In the e-mail mode, the processor 110 accesses the e-mail server by dialing the telephone number of that server, in a known manner. E-mail messages for the user are retrieved, and stored in the RAM 126, also in the message portion 128. Each e-mail message includes identification information, including the e-mail address and e-mail name of the originator of the message. Other e-mail information relating to that message may also be included, such as the date and time the message was sent, the location from which it was sent, routing information, etc. The e-mail identification information is also stored with the message in the message portion 128 of the RAM 126. The e-mail information is also inserted into the database of correspondent information 130, maintained in a portion 130 of the RAM 126 in a manner to be described in more detail below.

When a message is received, the identification information relating to that message (e.g. originating telephone number and name for telephone messages and originating e-mail address and e-mail name for e-mail messages, and possibly other related information) is stored in a common database, as referred to above. In this manner the content of the database is maintained.

FIG. 2 is a table describing the structure and contents of a database used to contain correspondent information in the communications device illustrated in FIG. 1. The structure of the correspondent database is represented in FIG. 2 as a table.

Each row of the table represents an entry in the correspondent database and represents one correspondent. Each entry contains a plurality of fields able to hold information relating to the correspondent represented by that entry. The fields are partitioned into: a group of fields able to contain caller ID information including the telephone number, caller ID name, and other attributes (represented by an ellipsis) related to the telephone for that correspondent; a group of fields able to contain e-mail identification information including the e-mail address, e-mail name, and other attributes (represented by an ellipsis) related to e-mail of that correspondent; and a group of fields able to contain extensions to the correspondent information, including, for example, the facsimile telephone number, postal address and other such information (represented by an ellipsis).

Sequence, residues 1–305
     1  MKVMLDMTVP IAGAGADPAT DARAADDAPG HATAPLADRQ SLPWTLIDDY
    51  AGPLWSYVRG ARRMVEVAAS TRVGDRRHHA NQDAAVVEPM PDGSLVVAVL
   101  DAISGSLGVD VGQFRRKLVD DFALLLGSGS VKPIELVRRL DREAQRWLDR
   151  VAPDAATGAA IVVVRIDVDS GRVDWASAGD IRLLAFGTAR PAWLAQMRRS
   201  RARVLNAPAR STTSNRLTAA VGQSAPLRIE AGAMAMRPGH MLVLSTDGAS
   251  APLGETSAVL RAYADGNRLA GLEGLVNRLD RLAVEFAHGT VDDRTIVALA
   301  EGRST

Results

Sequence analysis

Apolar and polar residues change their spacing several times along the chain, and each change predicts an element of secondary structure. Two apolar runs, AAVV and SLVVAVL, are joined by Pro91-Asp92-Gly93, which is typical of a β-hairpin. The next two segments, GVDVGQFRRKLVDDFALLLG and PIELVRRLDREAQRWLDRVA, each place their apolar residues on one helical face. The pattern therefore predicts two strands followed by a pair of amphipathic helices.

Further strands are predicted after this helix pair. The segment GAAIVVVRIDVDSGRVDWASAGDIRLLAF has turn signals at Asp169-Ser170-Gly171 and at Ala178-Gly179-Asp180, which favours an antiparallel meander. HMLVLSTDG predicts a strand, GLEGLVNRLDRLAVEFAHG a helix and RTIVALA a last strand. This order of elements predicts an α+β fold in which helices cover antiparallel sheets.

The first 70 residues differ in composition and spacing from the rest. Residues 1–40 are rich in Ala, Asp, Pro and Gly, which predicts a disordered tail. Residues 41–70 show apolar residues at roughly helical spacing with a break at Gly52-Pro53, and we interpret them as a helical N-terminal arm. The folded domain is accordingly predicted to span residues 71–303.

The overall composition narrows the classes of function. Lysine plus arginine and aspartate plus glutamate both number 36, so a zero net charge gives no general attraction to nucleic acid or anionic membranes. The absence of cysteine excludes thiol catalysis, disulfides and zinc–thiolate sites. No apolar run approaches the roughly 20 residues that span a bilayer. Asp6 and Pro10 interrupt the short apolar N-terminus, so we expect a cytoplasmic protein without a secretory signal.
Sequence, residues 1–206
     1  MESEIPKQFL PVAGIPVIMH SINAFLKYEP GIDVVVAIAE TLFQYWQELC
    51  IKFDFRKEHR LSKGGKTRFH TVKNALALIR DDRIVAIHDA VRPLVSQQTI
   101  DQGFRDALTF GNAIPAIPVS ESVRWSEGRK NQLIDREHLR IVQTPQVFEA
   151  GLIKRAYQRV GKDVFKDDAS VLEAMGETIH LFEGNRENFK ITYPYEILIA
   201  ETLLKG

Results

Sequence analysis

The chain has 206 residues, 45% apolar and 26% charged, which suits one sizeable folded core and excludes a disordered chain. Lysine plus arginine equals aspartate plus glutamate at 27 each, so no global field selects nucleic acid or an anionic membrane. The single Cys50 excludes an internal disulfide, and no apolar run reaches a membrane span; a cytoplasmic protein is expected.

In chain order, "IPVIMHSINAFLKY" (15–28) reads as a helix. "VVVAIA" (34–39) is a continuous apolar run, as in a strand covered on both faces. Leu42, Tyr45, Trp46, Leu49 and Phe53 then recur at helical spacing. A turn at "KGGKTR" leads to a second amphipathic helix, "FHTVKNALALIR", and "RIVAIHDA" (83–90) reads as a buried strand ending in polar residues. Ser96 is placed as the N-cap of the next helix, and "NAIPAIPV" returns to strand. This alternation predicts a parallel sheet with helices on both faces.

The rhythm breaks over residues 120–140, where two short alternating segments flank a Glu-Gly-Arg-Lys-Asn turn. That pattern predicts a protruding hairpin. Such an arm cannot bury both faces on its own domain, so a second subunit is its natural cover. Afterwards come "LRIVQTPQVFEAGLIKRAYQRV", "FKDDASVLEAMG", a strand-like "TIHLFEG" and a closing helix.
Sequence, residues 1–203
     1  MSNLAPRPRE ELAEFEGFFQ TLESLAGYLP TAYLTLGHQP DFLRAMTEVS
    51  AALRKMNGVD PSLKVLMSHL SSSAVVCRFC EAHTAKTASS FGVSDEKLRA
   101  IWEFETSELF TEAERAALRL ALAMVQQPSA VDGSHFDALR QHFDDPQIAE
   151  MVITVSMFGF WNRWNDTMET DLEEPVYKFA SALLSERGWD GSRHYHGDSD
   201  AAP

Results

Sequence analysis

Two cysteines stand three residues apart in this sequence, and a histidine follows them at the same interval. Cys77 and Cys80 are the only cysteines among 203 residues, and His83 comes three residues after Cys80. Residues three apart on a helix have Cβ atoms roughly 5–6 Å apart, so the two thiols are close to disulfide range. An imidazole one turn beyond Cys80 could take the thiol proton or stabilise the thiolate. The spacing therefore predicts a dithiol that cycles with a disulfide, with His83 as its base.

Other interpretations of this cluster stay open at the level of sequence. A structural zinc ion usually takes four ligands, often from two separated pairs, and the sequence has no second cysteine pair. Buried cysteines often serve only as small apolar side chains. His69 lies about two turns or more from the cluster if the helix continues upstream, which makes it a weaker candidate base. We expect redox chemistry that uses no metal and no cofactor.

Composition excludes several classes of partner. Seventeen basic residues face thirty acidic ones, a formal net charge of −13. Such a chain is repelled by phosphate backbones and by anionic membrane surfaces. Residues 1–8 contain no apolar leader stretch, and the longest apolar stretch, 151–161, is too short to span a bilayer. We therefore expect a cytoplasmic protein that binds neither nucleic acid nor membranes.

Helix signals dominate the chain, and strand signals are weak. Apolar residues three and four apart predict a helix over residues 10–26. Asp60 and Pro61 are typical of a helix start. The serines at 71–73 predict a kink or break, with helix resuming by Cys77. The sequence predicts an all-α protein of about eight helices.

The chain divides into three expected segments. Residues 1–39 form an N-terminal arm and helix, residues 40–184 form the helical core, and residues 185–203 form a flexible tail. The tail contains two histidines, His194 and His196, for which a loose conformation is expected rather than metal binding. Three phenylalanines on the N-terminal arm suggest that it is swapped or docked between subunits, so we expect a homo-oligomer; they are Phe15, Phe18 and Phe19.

When a telephone call is received, the caller ID telephone number and name is extracted from the originating message in a known manner, as described above. The originating telephone number is compared to the telephone numbers stored in the caller ID number field of all the entries in the database. If a match is found, then the caller ID name field of that entry is updated with the originating caller ID name, in case the name for that telephone number has changed. If this happens, one of the caller ID attributes, a status attribute, is changed to “new”. For example, if the caller ID information for the originating telephone call is the number 555-4321 and the name is “John Ray”, then this search finds entry 1. The database field containing the caller ID name is replaced with the name “John Ray”.

If no entry is found which contains the originating message telephone number in the caller ID number field, then the originating caller ID name is compared with the names in the e-mail name field of all the entries in the database. In one embodiment, an exact match of the originating name is searched for. In another embodiment, recognizing that the e-mail and telephone caller ID names may not be exactly the same, a closest match is searched for. Such a search may be made by parsing both the originating message name and extracting last names and first name or first initial, then comparing them. Or a search may be made on like sounding names using the known Soundex system. If no match is found, then a new entry is created, and the caller ID number and name fields of that entry are filled with the caller ID number and name, respectively, of the originating telephone call. For example, if a telephone call is received with a number 555-6789 and a name of “Dave May”, there is neither a match for the caller ID number nor the e-mail name for such a person. A new entry is created (for example, entry 7) and the caller ID number, 555-6789, is inserted into the caller ID number field of entry 7, and the caller ID name, Dave May, is inserted into the caller ID name field of entry 7.